Blend and drink as needed. I like it strong; 2 tablespoons to a pint of boiling water, steeped an hour.
- 2 parts Damiana
- 1/2 part each cinnamon, ginger, lemon peel ground coarsely
- 1 part Spearmint
Ashwaganda (Withania somnifera) tastes bitter, with an underlying sweetness and a slight warming to the body. Its has yang tonic, aphrodisiac, sedative, astringent and adaptogenic properties. Some yang tonic can be too stimulating (think deer antler, yohimbe), but ashwaganda apparently does not overstimulate and in fact is used for improving sleep and clearing the mind when stressed or overworked. I have witnessed a complete turn around for a friend with lower back pain, creaky knees, low libido and a general state of low energy by mixing a teaspoon of the powder in heated raw milk daily. Personally, I have used ashwaganda tincture in adrenal formulas, which I always seems to need in spring. Perhaps I should be taking some right now for to tonify my Kidney Yang so to prevent adrenal exhaustion.
- Delicious dosage to nourish yang: Mix 1/2 teaspoon powder with warm milk (can be rice, almond, soy, or ghee), take twice a day.
Other notable herbs:
Teasel Root (Dipsacus sylvestris)
Saw Palmetto (Sabal serrulata)
Celery Seeds (Apium graveolens)
False Unicorn Root (Chamaelirium luteum)
Have you discovered Iona Marsaa Teeguarden’s The Joy of Feeling? Teeguarden practices Bodymind Acupressure (known as Jin Shin Do), and demonstrated through this book that one can use “negative” emotions as a means of transformation into a more harmonious way of life. I have never received Jin Shin Do, but nonetheless her book has been a powerful teaching tool for me. Not only have I have gained a deeper intellectual understanding of the organ systems of Chinese Medicine and the interrelatedness between acupuncture points, but I have been able to see the emotions associated with the organ systems and their excessive or deficient states.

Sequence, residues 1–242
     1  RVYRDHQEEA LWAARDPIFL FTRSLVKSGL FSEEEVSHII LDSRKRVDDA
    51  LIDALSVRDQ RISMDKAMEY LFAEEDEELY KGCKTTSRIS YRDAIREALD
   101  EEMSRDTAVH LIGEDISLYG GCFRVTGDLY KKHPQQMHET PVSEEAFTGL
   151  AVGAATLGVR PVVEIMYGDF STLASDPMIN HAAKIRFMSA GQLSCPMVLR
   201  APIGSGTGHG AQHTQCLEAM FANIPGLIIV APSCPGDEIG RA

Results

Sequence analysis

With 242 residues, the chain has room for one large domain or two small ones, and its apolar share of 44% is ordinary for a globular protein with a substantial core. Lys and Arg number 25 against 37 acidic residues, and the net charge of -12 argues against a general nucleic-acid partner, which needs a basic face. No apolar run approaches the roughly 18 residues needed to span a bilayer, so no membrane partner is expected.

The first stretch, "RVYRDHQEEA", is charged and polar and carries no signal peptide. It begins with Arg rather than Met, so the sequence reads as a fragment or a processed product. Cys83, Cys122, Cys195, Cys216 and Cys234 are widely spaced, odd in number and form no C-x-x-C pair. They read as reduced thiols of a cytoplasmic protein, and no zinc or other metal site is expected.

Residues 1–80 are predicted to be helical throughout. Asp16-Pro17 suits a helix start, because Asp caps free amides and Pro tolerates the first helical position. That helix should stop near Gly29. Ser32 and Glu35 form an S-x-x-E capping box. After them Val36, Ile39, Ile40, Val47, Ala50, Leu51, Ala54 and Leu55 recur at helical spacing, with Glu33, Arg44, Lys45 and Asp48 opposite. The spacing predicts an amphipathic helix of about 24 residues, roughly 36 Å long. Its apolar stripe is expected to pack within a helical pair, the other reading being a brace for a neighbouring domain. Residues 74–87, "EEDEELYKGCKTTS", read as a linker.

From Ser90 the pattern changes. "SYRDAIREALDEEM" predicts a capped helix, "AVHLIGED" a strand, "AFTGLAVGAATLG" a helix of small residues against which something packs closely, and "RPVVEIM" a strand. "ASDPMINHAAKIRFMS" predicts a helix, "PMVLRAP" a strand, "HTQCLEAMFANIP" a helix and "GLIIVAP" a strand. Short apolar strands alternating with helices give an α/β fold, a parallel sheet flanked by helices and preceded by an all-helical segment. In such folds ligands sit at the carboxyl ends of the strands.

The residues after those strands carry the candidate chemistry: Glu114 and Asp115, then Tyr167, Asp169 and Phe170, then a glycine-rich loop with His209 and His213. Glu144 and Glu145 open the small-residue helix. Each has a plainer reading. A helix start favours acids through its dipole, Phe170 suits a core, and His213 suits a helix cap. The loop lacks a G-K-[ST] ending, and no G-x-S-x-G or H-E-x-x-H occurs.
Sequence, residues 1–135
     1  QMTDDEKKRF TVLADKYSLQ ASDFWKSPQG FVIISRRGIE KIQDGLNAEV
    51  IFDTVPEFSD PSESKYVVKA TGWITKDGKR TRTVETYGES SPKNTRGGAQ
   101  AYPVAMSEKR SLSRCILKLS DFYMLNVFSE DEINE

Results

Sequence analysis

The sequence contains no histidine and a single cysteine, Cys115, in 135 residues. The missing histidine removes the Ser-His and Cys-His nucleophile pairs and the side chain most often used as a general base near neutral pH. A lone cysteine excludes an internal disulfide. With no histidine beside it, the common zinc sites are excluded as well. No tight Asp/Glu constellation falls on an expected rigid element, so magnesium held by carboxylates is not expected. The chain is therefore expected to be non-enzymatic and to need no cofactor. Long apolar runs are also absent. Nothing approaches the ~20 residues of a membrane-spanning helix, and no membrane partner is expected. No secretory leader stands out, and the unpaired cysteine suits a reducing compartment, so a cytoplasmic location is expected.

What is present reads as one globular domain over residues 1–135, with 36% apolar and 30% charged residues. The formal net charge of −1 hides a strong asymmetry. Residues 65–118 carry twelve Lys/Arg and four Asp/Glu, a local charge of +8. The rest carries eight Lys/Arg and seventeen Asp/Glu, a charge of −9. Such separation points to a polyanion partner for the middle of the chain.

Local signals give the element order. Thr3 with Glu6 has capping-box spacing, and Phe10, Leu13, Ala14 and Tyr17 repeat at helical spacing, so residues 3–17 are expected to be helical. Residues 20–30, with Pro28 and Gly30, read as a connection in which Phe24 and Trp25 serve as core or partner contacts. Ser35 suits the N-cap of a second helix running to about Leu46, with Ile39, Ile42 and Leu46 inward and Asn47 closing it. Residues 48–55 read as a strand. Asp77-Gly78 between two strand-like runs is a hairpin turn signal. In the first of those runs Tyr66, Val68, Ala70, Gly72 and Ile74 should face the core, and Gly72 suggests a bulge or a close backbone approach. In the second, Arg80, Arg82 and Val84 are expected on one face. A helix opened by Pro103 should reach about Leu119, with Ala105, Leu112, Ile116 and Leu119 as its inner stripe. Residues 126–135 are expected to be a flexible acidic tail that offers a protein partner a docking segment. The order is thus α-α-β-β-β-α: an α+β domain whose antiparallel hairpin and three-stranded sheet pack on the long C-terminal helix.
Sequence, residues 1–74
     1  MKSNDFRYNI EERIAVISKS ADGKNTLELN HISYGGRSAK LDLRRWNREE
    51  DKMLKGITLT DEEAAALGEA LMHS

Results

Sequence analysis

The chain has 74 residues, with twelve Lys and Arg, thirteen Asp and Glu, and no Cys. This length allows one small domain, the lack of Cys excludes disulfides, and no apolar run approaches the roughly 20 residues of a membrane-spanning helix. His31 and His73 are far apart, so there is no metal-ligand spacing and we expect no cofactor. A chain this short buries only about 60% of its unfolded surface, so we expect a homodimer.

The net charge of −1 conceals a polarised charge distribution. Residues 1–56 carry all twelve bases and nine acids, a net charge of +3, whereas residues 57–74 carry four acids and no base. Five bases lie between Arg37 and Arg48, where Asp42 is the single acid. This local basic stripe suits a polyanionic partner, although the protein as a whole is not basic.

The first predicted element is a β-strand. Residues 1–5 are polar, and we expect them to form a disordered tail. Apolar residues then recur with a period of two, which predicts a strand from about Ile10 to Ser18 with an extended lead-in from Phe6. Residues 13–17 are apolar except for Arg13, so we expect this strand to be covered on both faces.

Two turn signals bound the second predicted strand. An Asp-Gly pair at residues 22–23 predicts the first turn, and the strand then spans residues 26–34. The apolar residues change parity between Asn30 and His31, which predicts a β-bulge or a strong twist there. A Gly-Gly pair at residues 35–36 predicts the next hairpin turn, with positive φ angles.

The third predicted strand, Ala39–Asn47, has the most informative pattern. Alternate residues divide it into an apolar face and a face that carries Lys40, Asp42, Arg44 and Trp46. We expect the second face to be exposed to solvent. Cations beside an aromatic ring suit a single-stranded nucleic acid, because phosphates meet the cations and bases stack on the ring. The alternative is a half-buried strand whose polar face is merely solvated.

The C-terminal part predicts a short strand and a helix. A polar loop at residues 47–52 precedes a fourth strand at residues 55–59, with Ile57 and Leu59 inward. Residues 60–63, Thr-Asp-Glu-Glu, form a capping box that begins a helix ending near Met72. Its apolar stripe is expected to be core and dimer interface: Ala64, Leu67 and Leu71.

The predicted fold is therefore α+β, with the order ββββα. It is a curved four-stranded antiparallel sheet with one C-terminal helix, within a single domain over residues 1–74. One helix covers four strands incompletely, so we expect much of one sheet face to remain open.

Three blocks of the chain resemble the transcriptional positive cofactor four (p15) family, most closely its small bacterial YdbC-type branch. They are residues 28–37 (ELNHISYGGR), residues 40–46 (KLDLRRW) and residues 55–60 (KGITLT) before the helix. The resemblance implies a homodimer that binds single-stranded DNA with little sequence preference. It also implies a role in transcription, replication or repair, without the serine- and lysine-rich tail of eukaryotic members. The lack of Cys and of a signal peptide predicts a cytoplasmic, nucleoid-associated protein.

Since it is around 15 below zero with 30 below wind chill right now in northern Minnesota (and it’s 12:30 in the afternoon!), I have been reflecting on what winter means in Chinese Medicine. The North, or winter, as called by Teeguarden, is the “Watery Land of Chih”.
Yin organ: Kidney Extreme emotion: Fear
Yang organ: Bladder Synergic emotion: Resolution, willpower
Sound: Groan Sense: Hearing
Body fluid: Urine and sexual fluids Body Part: Bone, marrow
Energetic tendency: Rest Element: Water